My idea of 'clutch' is a guy who doesn't go away from a game plan and get caught up in the adrenalin of the moment when he comes up to hit in an important situation. The best clutch hitters are ones who want to be up there in a tight spot, and it does set them apart because most players, like most anyone else human, are susceptible to issues of confidence and awareness of expectaions. They hear the crowd most acutely and let the environment heighten the tension. The ones who can block it out, or still more impressively, feed off of that environment, will always be in a minority. The two best examples of this playing right now are Pujols and Ortiz. Lenny Dykstra was a rare Phillie example of this moxie, and Utley has it all over him, too. They might fail, but they aren't going to go quietly.

While it's technically true that first-inning homers count the same as ninth-inning homers, there's a reason why games decided in the late innings reveal more about a team than what happens in the early innings. Would Bobby Thomson's homerun on the last day of the season be as universally recalled if it had come against a last-place team in May? 'Pressure' is not a myth. These are the more memorable games, the more intense situations, and if you don't have a majority of players who respond well under those conditions, your team will be a loser. It's the kind of thing that often builds on a team during a season, one way or another. A team with an un-championship-like roster can sometimes get on a collective roll with late-inning heroics, like the '89 Cubs or '93 Phillies; or a team that's great on paper can be done in by a lack of response late in games that snowballs and builds and winds up affecting the unit as a whole as well as its individual players - a team much like...oh, let me see now...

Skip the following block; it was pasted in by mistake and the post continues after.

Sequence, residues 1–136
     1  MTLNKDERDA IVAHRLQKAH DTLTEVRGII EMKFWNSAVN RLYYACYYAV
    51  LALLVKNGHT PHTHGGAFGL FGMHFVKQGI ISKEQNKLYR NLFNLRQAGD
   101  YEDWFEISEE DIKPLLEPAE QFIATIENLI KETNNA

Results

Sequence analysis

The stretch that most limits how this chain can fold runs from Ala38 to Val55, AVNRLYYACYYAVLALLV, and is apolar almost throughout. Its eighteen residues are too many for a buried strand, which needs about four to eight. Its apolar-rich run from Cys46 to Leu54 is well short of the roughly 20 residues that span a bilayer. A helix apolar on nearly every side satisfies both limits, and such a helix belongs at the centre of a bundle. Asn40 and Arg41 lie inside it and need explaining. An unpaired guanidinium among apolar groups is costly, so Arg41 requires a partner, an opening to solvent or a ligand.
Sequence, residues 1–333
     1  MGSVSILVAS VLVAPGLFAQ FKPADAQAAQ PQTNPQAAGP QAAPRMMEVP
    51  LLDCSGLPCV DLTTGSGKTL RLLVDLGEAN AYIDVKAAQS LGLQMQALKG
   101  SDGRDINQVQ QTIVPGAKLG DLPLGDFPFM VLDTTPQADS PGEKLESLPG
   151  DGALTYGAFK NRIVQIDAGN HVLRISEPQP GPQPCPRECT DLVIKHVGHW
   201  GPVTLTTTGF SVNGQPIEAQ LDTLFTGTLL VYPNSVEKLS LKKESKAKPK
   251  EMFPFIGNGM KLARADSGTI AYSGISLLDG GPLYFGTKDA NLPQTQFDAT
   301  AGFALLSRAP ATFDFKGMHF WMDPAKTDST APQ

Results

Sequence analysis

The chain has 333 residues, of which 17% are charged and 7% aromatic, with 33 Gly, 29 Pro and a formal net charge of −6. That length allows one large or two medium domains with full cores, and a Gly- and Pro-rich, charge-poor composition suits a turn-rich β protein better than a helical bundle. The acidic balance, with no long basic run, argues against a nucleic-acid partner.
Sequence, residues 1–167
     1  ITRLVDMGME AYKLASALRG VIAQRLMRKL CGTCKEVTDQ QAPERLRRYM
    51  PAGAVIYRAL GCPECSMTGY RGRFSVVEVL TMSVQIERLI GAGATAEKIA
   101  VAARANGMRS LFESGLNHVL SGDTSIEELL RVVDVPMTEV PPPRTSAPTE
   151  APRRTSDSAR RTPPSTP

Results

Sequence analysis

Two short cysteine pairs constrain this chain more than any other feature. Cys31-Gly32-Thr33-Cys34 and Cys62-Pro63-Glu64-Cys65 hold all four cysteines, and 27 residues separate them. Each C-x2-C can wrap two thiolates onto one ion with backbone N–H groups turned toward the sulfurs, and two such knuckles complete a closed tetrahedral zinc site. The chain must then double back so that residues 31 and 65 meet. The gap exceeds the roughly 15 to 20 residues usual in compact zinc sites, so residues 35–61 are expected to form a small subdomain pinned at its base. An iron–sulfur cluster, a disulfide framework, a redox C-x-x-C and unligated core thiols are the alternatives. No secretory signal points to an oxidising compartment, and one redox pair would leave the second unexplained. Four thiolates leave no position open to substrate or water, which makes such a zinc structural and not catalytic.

First of all, I don't know what goes into those statistics. But even trusting their accuracy, it's difficult to gain any conclusions from them. Yes, Burrell is right at the bottom, but look at all the other great players in the negatives too--Adam Dunn, Jason Bay, David Wright, Carlos Delgado, Ryan Howard, among other solid players. The only factor I see that almost all the players share is a propensity to strike out a lot. Which makes a lot of sense, as striking out is an action which cannot possibly drive in a run.

I also don't buy that Madson's biggest problem is a shortage of pitches. With a small sample size grain of salt, here are the runs per batter he's allowed in his first, second, third and fourth times through the order this year.

1 .267 RPB .211 ERPB 45 BF
2 .159 RPB .146 ERPB 41 BF
3 .191 RPB .191 ERPB 34 BF
4 .000 RPB .000 ERPB 9 BF

48% of the runs scored against Madson have come during his first time through the order. Granted, in his last two starts, it was the third time through the order that gave him the biggest problem. I'm going to wait and see if that trend sticks in his next couple starts before backing Marzano's theory. One can't draw conclusions with just two starts.

Well, if Abreu is amongst the league leaders in the "clutch" category ... that means Burrell doesn't have as many opportunities b/c Abreu knocks them in. Burrell has been playing his role well ... he is providing a power bat to buffer Abreu and Howard ...